Walwyn wanted to assimilate all that was good about Michel de Montaigne. Many of the revolution's ideologists, such as Walwyn, used the bible and read other writers, such as Michel de Montaigne, to half understand the historical precedent and for some theories to explain what they were doing.
Sean Kelsey's essay Indemnity, sovereignty and justice in the army debates of 1647 is disappointing. Given the extraordinary amount of new material uncovered about the huge radicalisation of the New Model Army, it would appear that the revisionist and post-revisionist downplaying of the radical nature of the New Model Army has raised its ugly head. The important work by John Rees on the radicalisation of the New Model Army is ignored completely. The NMA was not just an army but was a political party in all but name as the Marxist writer Leon Trotsky once wrote, "In this way, Cromwell built not merely an army but also a party -- his army was to some extent an armed party and herein precisely lay its strength. In 1644 Cromwell's "holy" squadrons won a brilliant victory over the King's horsemen and won the nickname of "Ironsides." It is always useful for a revolution to have iron sides. On this score, British workers can learn much from Cromwell." 
Thomas N Corns groundbreaking essay Milton and Winstanley A conversation reviews the possible but unproven interconnections between the giants of 17th-century literature and politics Milton and Winstanley.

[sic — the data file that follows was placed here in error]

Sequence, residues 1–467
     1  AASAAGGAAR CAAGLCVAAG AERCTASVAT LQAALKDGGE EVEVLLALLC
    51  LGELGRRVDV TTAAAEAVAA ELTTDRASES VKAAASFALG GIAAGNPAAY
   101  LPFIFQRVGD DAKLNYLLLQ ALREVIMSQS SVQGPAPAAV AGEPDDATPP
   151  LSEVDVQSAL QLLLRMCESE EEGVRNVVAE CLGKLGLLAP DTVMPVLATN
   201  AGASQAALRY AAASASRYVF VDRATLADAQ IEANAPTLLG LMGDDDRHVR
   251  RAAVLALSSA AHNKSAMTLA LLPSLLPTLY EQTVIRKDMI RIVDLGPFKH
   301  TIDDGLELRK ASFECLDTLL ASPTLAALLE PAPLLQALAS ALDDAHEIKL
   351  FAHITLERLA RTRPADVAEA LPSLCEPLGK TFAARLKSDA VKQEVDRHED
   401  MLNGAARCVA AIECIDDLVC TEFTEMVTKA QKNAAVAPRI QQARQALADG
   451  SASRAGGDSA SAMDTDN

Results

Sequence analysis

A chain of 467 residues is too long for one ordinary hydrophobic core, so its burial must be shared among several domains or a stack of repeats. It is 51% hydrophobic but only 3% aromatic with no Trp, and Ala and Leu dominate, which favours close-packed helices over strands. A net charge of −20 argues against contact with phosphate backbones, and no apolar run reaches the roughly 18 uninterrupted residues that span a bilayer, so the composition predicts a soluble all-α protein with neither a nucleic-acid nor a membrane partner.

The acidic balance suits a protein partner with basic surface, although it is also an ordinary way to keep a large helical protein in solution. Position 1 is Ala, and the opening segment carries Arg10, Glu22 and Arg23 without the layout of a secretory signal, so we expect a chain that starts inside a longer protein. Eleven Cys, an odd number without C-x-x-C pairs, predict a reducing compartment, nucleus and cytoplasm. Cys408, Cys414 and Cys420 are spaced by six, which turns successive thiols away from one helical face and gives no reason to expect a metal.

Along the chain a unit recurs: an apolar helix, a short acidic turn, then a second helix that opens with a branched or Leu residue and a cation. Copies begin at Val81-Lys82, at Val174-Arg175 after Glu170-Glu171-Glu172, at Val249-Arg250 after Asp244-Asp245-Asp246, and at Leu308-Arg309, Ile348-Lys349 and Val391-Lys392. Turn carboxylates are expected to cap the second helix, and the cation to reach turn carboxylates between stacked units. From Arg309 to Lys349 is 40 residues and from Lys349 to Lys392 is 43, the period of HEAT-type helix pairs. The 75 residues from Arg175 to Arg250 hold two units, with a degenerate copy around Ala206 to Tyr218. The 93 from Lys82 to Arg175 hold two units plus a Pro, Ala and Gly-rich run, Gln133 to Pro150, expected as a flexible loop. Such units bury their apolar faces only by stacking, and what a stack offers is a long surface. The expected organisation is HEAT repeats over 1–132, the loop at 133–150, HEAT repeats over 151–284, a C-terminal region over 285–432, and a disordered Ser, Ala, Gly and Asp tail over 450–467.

'Threshing among the people Ranters, Quakers and the revolutionary public sphere re-examines relations between Quakers and Ranters in the 1650s. J. C. Davis' right-wing attack on the Ranters in the 1990s was largely discredited by the work of Christopher Hill and A L Morton, whose work is largely ignored in this book.
J C Davis's book Fear, Myth and History: The Ranters and the Historians was the right-wing Kenneth Baker (education secretary under Margaret Thatcher's government) favourite book. According to Davis, the Ranters were impossible to define. What they believed in, he writes, "There was no recognised leader or theoretician and little, if any, organisation. The views of the principal figures were inconsistent with each other".
Ann Hughes's work has been important in re-establishing the importance of a systematic study of radical groups. But perhaps more importantly, she has fought to highlight the role of women in the English revolution, which has been largely ignored by most of her male counterparts.
After all, the world was turned upside down for women as much as men. As Alison Jones points out, "The Civil War of 1642-1646 and its aftermath constituted a time of great turmoil, turning people's everyday lives upside down. It not only affected the men in the armies, but it also touched the lives of countless ordinary individuals. It is well known that women played a significant role in the Civil War, for example, defending their communities from attack and nursing wounded soldiers. What is often forgotten, however, is that some women took advantage of the havoc wrought by the conflict to dissent from conventional positions in society. The slightest deviation by women from their traditional roles as wives and mothers was condemned by this patriarchal society. Therefore dissent could take many forms that today do not appear particularly extreme – for example, choosing to participate in emerging radical religious sects, having greater sexual freedom, fighting as soldiers and practising witchcraft".
 What Is History.
 Michel de Montaigne, Selected Essays, ed. W. C. Hazlitt (New York: Dover, 2011), 172.
 Two traditions: the seventeenth-century revolution and Chartism- https://www.marxists.org/archive/trotsky/works/britain/ch06.htm
 Dissent and Debauchery: Women and the English Civil War- Alison Jones